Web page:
Hey Boston, who can live here, anyway?
The voice is thick like day-old black coffee.
“Where you from?” the woman asks, her accent deep. Maybe Slavic?
“We’re from Puerto Rico.”
“Ohhh, I don’t know I like,” she says.
“You go and put many people in house, don’t like.”
“Um, okay? I’m not really sure what you’re talking about there. It’s just me and my wife.”
“Oh. Well … don’t know. If husband say yes.”
“I don’t even like having people over,” I lied. And no thanks for the casual racism, I should have added.
Welcome to apartment-hunting in Boston!
It’s well-known that the city has among the most expensive rental markets in the country. But that’s not even the greatest problem. The big issue for someone whose college days are long over — aside from the curious landlords — is the quality of housing stock.
When looking for rentals back in August, the first place we visited was a multilevel brick building in Somerville. After maneuvering up the rickety wooden stairs in the back, we came up to an apartment kitchen where two older dudes sat on bar stools. Looking like a pair of hard-luck fishermen, the guys were already a couple of beers deep. It was 10 in the morning.
Besides Gilligan, his pal, and the stools, the kitchen consisted of a sink atop a small, dilapidated cabinet. There must have been a refrigerator too, but I was too busy wondering where the smell of gas was coming from.
A dirty curtain separated the kitchen from the rest of the apartment — not that the “rest” consisted of much else. What probably used to be the living room had been converted into a bedroom, with the paint neatly peeling from one of the walls. Off to the right was a thin door that led to an interior stairwell. It was eerily dark, the steps covered with a ripped, red felt rug, and you couldn’t actually see where they led down to.
The toilet? Is that where the smell was coming from? And surely one couldn’t actually sit on the thing?
So fine, maybe the price was right, you say. Who’d mind paying $1400, maybe even $1500 for that? It had off-street parking, after all. Well, the rent was $1800.
We weren’t exactly enamored. But it appeared the landlords would have little trouble finding a tenant. As we were leaving, a couple of college-age women, checkbook in hand, eagerly asked when they could move in.
Another day we went to a double-decker home, also in Somerville, that looked promising from the outside. It was painted a horrible Big Bird yellow, but at least it seemed to have been worked on within the last 25 years. The Craigslist ad promised great exterior space and, yes, it had an ample patio off to the side. But it was overrun with weeds, the tall, crazy grass surely hiding makeshift graves.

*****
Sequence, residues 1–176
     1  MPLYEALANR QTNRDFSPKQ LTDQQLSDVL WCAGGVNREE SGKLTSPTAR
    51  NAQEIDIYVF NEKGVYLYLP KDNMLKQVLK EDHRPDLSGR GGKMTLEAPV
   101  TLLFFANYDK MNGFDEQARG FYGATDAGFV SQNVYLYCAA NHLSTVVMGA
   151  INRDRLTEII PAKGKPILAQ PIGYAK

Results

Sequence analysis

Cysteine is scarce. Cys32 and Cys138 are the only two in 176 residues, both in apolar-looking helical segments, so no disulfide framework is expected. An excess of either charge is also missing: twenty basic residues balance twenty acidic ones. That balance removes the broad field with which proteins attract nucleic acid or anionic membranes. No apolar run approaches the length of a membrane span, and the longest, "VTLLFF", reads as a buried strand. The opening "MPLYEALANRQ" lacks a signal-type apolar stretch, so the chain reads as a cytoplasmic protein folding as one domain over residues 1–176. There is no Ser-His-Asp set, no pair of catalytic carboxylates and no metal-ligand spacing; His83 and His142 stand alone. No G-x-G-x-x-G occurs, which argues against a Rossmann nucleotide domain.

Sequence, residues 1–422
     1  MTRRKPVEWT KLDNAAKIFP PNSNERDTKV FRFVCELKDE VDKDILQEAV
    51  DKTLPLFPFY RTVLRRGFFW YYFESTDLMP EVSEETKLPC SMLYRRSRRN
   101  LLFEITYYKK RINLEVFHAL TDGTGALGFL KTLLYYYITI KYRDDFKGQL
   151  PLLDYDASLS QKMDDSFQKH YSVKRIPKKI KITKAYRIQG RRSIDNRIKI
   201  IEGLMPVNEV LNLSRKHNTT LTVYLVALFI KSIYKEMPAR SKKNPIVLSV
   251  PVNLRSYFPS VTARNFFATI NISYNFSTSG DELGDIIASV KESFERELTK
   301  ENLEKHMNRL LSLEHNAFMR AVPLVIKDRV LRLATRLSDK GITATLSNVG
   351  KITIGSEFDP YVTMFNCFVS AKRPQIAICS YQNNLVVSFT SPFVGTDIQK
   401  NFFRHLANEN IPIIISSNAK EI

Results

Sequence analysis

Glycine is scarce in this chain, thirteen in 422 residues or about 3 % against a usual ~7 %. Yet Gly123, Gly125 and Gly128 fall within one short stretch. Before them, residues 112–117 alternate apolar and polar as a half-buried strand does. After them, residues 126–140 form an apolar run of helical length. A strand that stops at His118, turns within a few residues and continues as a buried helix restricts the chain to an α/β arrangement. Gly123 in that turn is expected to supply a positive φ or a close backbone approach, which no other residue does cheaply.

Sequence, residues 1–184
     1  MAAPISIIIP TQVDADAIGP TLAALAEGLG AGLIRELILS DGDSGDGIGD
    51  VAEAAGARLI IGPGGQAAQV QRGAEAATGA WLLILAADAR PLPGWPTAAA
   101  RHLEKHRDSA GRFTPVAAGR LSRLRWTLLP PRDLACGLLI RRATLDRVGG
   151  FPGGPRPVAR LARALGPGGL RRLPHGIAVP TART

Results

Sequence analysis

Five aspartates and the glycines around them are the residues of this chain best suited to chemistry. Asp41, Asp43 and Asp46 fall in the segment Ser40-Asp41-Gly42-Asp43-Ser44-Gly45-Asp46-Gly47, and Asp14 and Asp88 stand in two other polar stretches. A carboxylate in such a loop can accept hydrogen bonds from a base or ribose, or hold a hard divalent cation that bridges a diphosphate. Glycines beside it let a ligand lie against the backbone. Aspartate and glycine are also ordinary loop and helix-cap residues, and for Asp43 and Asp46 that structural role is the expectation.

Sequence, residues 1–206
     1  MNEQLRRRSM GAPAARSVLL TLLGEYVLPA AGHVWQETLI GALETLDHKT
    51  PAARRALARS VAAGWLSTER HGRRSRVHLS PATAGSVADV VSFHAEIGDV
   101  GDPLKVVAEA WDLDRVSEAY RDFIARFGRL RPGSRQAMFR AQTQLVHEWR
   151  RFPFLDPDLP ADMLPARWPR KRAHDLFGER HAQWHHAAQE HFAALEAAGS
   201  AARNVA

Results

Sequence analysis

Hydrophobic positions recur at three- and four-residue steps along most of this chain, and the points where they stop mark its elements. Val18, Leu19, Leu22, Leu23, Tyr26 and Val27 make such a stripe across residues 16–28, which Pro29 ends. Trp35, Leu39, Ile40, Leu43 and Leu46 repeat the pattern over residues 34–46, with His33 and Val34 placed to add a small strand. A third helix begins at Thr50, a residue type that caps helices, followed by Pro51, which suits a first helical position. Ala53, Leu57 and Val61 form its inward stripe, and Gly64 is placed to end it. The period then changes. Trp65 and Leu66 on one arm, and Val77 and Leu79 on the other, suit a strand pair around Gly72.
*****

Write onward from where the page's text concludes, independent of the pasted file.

The same horrid, thick paint had been splattered inside the house, an unfortunate framing for the attractive wooden floors. The windows were new, which made the six-inch crack on one of them very unfortunate. It all felt a bit odd, though. Maybe it was the nervous landlord who followed us intently through the house and kept repeating he was looking for “responsible” people for his brother (the owner), a “renowned” professor. All the while, I couldn’t help hearing a persistent, metallic clanging coming from somewhere beneath the bathroom.
I am dating myself here, but do you know The Burbs? There’s a scene in which one of the mysterious neighbors calls out for his brother, “THE DOCTOR!” to come meet Tom Hanks and the rest of the panicked suburbanites. Rising slowly from the bowels of the dark house, in walks the late Henry Gibson, his gloved hands caked in blood. I kept waiting for that to happen at that weird Somerville house, especially when the guy stared at us creepily and declared that yes, his brother would definitely like us. We thanked him and shuffled out of there before he could show us the basement.
Since then we’ve visited overpriced rental communities that charge for amenities such as pools that open three months out of the year, less expensive places that would be ideal not merely if you own but are a household pet, and pads that don’t bother with such extravagances as a window. Which is why we currently live in a place that’s never going to appear in a list of the top 20 streets in Greater Boston, but at least it’s not falling apart. Yet.
There are more than 250,000 college students in the Boston area. This constant turnover of temporary residents makes it unnecessary for landlords to update their properties, because these kids will live anywhere. I know, because I did.
My senior year at Syracuse, I signed a lease with four other guys for a creaky two-story house off campus, having never step foot inside it. I slept on a twin mattress with no box spring or platform, wrote on an unvarnished piece of plywood that served as a desk, and kept my clothes in a stumpy dresser that looked old during the Depression. I’ll not speak of the daily horror that was the bathtub. But I couldn’t have been happier.
Things become more complicated as we get older. It’s not even about the clutter, the things we dump on top of ourselves. It’s that a home becomes more than just a dirty mattress on the floor. It becomes a symbol of the life we want to lead — of the people we’d like to be. None of that requires luxury, just clean affordability. And that’s what’s missing in this city.
But it’s not going to get better any time soon, thanks to the pernicious lack of new housing developments in the area. Having lived in a city that overbuilt, I know the dangers of the opposite extreme. Those beautiful downtown buildings you see in aerial shots of Miami Heat games are mostly empty. But you cannot expect to grow and remain vital as a city when young workers don’t have affordable places to live.
In the meantime, we’ll keep walking the streets, scanning ads, fending off pushy realtors, wondering if finding a one-bedroom city apartment in Boston that’s merely clean for under $2000 is too much to ask.